How much does a gym membership cost? We look at business economics behind Gym memberships and how you could save money.
Summer is just around the corner…and that means gyms are going to start filling up! (As long as social distancing doesn’t stop us).
Did you know, it’s estimated by the Australian Bureau of Statistics (ABS) that two thirds (2/3) of Australians are overweight or obese. Despite this, the gym business is booming!
Now, you can’t be blamed for thinking that gym owners would be excited for the upcoming stampede of people charging through their door’s to work on that summer bod… But this not the case.
The big players in the fitness business probably don’t want you to go to the gym. Why? we will explain later.
The gym industry in Australia.
Data shows that the Gym and Fitness industry in Australia has a market size of $3 billion made up of 6,426 businesses. The industry employes 21,865 fitness professionals and has seen growth year over year. Although, 2020 might be a little different after the industry has been heavily hit by Covid-19.
The big players in the gym and fitness industry generally only have a small portion of their portfolio in Australia. These Gyms typically have a “24/7” business model allowing members to work out whenever they want. Here are the larger gym and fitness companies in Australia:
Fitness and Lifestyle Group TopCo Pty Ltd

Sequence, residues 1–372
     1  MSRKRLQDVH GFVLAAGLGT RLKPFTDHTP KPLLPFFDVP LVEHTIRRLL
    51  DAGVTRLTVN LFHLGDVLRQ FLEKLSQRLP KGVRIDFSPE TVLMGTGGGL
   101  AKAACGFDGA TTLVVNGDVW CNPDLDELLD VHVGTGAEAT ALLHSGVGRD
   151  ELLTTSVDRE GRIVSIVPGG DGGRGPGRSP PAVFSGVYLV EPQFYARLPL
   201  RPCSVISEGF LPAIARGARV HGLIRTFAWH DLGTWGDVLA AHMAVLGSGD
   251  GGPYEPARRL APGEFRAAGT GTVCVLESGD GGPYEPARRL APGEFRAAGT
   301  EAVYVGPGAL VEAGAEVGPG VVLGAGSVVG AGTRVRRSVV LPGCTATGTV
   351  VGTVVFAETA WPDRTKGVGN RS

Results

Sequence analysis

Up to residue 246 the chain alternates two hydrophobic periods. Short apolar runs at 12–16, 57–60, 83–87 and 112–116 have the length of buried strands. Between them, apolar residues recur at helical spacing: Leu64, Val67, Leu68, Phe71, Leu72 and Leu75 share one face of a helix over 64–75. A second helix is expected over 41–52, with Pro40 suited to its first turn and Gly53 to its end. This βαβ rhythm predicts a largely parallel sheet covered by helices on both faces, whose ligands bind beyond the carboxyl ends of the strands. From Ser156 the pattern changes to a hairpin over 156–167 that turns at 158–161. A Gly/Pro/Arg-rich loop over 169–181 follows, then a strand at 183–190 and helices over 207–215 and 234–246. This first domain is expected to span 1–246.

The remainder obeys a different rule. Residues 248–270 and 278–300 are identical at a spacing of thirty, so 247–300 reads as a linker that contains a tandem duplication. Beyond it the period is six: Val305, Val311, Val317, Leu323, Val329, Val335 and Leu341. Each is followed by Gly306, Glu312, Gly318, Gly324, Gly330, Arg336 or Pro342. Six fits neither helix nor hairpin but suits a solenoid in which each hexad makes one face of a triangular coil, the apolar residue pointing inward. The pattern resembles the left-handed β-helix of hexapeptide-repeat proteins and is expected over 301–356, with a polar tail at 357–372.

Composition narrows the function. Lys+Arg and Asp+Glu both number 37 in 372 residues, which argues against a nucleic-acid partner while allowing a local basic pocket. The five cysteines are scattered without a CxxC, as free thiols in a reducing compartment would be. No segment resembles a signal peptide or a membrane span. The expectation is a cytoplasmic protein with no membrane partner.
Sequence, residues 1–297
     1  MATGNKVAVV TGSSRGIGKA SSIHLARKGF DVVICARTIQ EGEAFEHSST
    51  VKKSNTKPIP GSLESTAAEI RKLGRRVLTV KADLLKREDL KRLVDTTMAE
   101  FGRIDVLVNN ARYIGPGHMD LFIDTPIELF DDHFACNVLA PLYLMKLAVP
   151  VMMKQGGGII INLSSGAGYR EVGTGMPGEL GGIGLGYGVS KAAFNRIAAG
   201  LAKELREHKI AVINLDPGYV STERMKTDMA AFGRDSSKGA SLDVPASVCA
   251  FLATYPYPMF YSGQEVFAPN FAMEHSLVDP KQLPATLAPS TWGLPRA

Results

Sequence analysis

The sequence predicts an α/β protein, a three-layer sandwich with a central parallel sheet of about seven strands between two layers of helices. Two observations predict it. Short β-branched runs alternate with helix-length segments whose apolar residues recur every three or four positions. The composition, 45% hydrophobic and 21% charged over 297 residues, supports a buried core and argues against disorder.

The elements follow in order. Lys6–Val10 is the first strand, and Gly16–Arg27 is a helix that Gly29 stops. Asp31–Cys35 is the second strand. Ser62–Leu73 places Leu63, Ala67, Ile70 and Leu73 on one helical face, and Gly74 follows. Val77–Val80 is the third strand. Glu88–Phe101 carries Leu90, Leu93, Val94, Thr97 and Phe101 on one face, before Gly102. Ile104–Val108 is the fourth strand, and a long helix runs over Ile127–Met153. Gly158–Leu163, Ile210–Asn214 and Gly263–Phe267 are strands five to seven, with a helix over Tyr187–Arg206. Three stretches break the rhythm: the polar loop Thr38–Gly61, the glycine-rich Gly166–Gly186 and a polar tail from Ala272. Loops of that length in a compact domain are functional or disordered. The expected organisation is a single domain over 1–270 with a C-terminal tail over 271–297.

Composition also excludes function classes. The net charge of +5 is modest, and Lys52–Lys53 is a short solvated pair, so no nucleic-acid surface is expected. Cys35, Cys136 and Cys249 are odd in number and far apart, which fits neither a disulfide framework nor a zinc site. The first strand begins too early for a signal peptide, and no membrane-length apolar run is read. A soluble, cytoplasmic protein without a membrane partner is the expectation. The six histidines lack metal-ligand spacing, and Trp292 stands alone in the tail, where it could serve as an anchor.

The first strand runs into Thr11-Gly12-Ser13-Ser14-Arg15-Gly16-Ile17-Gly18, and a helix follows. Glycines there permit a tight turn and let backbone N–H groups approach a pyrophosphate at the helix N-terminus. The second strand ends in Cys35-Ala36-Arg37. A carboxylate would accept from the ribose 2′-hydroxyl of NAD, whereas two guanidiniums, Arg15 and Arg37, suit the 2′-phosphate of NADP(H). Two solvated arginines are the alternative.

Operates brands including Fitness first, Goodlife Health clubs, Jetts fitness and arena fitness. Fitness and Lifestyle Group operates through Australia and South East Asia. They have 470 locations in Australia, New Zealand and South-East Asia with over 900,000 members.
Anytime Australia Pty Ltd
Anytime Australia PTY LTD is part of the global fitness chain, Anytime Fitness that operates over 4,000 gyms in 30 counties. Anytime Australia Pty Ltd has a large footprint in the Australian market with over 500 clubs and 500,000 members. As of November 2018, Anytime fitness gym’s in Australia averaged 1,057 members.
F45 Aus Hold Co Pty Ltd:
F45 is arguably one of the fastest-growing fitness franchise in the world. Globally F45 operates 1,760 studios in 47 countries. F45 has a big footprint in Australia with 570 studios. Unlike the other major players, F45 does not operate 24/7.
Lift Brands (Australia) Pty Ltd
Lift Brands (Australia) Pty Ltd is a collection of 5 fitness brands, with their most well-known brand being Snap Fitness 24/7. Snap Fitness is a global brand with nearly 2,500 locations in 26 countries, 210 of these locations are located in Australia.
Fernwood Women’s Health Clubs Pty Ltd
Fernwood Health and Fitness clubs cater to the female market. Although Fernwood only targets female members, they have built up 70 locations throughout every state in Australia with more than 70,000 members. Doing some quick math, each location has about 1,000 members on average.
Gym membership costs
The business model behind most gyms is pretty simple. Gyms make bank on recurring revenue with weekly, fortnightly or monthly “membership fees”. Commonly, A member enters into a contract for a set timeframe (usually a year or so). Locking in that recurring revenue for the business.
Gyms are also a fan of charging a “joining” fee. This fee is usually charged upfront when the member signs a contract. Although joining fees may seem silly to the customer, they are a well thought out marketing tactic.
Think back to some gym advertisements you have seen recently. It’s likely there big special to get you to sign up today is “waiving” the joining fee.
When you compare the gym membership prices of 7 larger 24/7 brand’s in Australia you see that the average joining fee is $106 and the average weekly membership price is $19.40. Doing some more math, the average price of your gym membership for the first year will be $1,114.80. (Average joining fee plus average membership fee).